Biochemical and Biophysical Research Communications, Vol.527, No.3, 824-830, 2020
Gene therapy using a novel G6PC-S298C variant enhances the long-term efficacy for treating glycogen storage disease type Ia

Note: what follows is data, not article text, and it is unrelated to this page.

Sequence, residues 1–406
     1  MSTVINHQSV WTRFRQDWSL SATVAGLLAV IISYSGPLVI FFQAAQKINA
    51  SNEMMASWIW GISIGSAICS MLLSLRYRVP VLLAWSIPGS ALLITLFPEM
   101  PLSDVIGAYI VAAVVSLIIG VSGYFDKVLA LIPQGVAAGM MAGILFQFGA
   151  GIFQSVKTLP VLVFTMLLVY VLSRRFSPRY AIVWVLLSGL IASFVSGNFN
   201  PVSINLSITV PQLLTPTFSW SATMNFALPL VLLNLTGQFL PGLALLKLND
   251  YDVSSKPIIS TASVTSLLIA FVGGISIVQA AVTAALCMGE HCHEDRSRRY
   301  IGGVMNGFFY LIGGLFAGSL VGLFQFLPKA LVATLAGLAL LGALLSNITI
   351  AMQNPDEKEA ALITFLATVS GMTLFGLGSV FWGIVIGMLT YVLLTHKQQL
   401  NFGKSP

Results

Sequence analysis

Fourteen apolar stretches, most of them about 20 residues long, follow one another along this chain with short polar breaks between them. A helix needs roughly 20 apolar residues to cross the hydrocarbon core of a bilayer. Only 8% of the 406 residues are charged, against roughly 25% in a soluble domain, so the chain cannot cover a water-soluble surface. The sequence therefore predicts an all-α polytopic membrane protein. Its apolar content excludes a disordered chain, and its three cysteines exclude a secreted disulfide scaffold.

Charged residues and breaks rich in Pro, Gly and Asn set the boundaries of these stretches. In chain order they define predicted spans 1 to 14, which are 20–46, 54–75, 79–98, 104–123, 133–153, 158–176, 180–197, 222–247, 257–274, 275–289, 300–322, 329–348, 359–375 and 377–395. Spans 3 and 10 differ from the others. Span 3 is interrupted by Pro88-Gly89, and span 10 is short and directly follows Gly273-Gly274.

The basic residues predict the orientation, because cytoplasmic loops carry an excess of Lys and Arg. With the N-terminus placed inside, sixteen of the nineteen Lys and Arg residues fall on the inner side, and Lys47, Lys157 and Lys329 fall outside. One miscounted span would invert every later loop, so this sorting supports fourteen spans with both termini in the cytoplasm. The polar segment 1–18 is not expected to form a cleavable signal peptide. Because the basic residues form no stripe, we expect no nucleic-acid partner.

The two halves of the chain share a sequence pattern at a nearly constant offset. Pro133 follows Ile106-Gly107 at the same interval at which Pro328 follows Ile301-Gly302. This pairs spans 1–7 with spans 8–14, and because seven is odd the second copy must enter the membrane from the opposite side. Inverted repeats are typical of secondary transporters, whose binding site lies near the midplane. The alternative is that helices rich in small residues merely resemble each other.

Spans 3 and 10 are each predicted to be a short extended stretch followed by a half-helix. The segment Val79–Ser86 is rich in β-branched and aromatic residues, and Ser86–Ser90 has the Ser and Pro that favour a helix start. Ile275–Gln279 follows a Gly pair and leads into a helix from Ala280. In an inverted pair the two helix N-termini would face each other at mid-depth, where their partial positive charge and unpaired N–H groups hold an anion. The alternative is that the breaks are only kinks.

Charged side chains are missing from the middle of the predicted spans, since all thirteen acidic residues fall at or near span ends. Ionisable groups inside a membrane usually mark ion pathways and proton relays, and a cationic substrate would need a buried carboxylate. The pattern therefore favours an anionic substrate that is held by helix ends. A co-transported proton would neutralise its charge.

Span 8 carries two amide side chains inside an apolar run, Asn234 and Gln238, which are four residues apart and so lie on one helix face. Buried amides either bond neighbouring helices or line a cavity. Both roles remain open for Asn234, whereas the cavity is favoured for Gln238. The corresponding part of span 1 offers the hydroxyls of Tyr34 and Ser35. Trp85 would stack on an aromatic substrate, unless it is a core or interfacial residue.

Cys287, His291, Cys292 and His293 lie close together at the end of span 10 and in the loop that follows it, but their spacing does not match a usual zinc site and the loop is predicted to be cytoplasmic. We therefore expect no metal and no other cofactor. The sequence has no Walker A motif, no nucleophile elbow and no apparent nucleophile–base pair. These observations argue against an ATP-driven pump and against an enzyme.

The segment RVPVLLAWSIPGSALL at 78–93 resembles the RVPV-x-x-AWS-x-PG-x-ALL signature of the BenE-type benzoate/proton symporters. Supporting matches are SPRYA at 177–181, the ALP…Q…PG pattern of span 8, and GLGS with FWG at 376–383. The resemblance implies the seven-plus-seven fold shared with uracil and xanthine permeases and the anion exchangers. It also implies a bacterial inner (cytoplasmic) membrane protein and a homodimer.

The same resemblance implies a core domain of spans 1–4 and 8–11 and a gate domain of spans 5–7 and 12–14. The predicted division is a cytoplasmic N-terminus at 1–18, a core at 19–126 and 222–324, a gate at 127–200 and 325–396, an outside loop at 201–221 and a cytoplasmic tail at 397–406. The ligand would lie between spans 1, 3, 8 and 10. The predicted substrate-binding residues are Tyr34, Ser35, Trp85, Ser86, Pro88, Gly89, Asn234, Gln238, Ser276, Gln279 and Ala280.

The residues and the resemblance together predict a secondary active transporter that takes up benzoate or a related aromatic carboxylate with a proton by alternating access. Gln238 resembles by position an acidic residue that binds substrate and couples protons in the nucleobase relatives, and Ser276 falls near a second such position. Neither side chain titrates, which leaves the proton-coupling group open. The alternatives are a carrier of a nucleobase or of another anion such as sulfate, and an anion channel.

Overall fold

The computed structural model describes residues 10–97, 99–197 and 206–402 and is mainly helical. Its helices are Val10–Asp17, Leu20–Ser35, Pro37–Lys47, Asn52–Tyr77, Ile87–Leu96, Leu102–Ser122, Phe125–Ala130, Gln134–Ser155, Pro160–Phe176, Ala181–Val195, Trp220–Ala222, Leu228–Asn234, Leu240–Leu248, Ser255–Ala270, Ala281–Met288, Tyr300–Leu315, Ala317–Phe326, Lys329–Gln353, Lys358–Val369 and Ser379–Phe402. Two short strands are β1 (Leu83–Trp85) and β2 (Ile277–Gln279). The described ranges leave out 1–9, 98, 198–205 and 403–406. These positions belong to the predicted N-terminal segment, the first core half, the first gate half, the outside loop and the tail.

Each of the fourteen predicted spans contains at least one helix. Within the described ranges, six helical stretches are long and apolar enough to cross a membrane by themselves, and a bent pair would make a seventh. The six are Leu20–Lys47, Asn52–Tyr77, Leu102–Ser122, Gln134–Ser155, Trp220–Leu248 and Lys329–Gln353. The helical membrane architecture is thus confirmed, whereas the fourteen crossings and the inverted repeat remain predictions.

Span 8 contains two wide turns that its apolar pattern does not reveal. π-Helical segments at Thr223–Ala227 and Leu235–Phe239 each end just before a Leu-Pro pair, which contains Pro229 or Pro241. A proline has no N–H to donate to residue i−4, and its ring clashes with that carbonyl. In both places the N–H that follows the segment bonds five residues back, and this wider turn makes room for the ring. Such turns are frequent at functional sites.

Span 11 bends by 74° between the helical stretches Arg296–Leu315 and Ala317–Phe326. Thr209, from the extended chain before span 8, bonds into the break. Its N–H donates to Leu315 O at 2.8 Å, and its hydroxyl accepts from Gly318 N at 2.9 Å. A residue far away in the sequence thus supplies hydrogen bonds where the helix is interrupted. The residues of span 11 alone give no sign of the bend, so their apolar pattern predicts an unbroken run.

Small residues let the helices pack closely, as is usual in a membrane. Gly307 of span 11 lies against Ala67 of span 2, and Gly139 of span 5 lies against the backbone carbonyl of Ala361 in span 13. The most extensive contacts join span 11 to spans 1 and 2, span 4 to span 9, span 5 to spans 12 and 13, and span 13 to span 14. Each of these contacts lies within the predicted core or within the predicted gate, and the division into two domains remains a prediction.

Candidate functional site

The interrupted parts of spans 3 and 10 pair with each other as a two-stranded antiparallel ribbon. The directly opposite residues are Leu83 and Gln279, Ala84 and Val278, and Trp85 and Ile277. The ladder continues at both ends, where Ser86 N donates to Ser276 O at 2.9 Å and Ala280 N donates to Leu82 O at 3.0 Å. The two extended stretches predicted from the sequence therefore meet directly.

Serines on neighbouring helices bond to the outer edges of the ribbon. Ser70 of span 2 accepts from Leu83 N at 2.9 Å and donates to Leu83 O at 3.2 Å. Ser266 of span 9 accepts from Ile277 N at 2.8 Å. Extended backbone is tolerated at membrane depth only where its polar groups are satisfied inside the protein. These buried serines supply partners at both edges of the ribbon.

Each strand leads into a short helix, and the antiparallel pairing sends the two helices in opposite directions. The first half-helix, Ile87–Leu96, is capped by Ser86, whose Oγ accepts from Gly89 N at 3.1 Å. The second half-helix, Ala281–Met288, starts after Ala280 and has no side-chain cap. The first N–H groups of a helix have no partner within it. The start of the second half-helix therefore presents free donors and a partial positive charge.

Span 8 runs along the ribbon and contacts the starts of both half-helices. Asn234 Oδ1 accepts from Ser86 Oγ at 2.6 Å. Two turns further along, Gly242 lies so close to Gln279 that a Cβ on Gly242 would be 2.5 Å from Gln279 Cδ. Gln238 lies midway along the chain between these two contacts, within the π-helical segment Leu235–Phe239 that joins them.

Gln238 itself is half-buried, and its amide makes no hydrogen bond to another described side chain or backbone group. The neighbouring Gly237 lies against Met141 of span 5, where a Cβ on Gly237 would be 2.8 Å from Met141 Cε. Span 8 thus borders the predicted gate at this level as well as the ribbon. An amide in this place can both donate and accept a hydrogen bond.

The current phase I/II clinical trial for human glycogen storage disease type-Ia (GSD-Ia) (NCT 03517085) uses a recombinant adeno-associated virus (rAAV) vector expressing a codon-optimized human glucose-6-phosphatase-alpha (G6Pase-alpha or G6PC). DNA sequence changes introduced by codon-optimization can negatively impact gene expression. We therefore generated a novel variant in which a single amino acid change, S298C, is introduced into the native human G6PC sequence. Short term gene transfer study in G6pc-/- mice showed that the rAAV-G6PC-S298C vector is 3-fold more efficacious than the native rAAV-G6PC vector. We have shown previously that restoring 3% of normal hepatic G6Pase-alpha activity in G6pc-/- mice prevents hepatocellular adenoma/carcinoma (HCA/HCC) development and that mice harboring <3% of normal hepatic G6Pase-alpha activity are at risk of tumor development. We have also shown that G6Pase-alpha deficiency leads to hepatic autophagy impairment that can contribute to hepatocarcinogenesis. We now undertake a long-term (66-week) preclinical characterization of the rAAV-G6PC-S298C vector in GSD-Ia gene therapy. We show that the increased efficacy of rAAV-G6PC-S298C has enabled the G6pc-/- mice treated with a lower dose of this vector to survive long-term. We further show that mice expressing >= 3% of normal hepatic G6Pase-alpha activity do not develop hepatic tumors or autophagy impairment but mice expressing <3% of normal hepatic G6Pase-alpha activity display impaired hepatic autophagy with one developing HCA/HCC nodules. Our study shows that the rAAV-G6PC-S298C vector provides equal or greater efficacy to the codon optimization approach, offering a valuable alternative vector for clinical translation in human GSD-Ia. (C) 2020 Elsevier Inc. All rights reserved.